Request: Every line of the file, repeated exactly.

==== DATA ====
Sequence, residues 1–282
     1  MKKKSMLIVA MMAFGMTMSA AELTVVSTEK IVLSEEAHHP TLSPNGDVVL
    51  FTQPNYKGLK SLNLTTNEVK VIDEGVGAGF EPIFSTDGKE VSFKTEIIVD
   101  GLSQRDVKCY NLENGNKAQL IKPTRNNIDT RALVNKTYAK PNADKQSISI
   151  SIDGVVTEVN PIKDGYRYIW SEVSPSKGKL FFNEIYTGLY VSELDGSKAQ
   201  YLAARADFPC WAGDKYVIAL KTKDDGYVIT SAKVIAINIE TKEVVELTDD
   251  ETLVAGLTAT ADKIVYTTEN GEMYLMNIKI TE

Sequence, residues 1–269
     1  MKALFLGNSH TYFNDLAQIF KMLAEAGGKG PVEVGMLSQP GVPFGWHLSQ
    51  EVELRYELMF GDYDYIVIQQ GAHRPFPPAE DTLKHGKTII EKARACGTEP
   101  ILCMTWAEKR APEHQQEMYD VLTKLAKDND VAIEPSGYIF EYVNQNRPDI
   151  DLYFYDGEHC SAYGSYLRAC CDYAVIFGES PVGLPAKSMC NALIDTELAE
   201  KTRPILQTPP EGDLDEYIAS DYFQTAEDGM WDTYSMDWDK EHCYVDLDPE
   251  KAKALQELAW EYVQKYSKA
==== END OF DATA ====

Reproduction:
Sequence, residues 1–282
     1  MKKKSMLIVA MMAFGMTMSA AELTVVSTEK IVLSEEAHHP TLSPNGDVVL
    51  FTQPNYKGLK SLNLTTNEVK VIDEGVGAGF EPIFSTDGKE VSFKTEIIVD
   101  GLSQRDVKCY NLENGNKAQL IKPTRNNIDT RALVNKTYAK PNADKQSISI
   151  SIDGVVTEVN PIKDGYRYIW SEVSPSKGKL FFNEIYTGLY VSELDGSKAQ
   201  YLAARADFPC WAGDKYVIAL KTKDDGYVIT SAKVIAINIE TKEVVELTDD
   251  ETLVAGLTAT ADKIVYTTEN GEMYLMNIKI TE

Sequence, residues 1–269
     1  MKALFLGNSH TYFNDLAQIF KMLAEAGGKG PVEVGMLSQP GVPFGWHLSQ
    51  EVELRYELMF GDYDYIVIQQ GAHRPFPPAE DTLKHGKTII EKARACGTEP
   101  ILCMTWAEKR APEHQQEMYD VLTKLAKDND VAIEPSGYIF EYVNQNRPDI
   151  DLYFYDGEHC SAYGSYLRAC CDYAVIFGES PVGLPAKSMC NALIDTELAE
   201  KTRPILQTPP EGDLDEYIAS DYFQTAEDGM WDTYSMDWDK EHCYVDLDPE
   251  KAKALQELAW EYVQKYSKA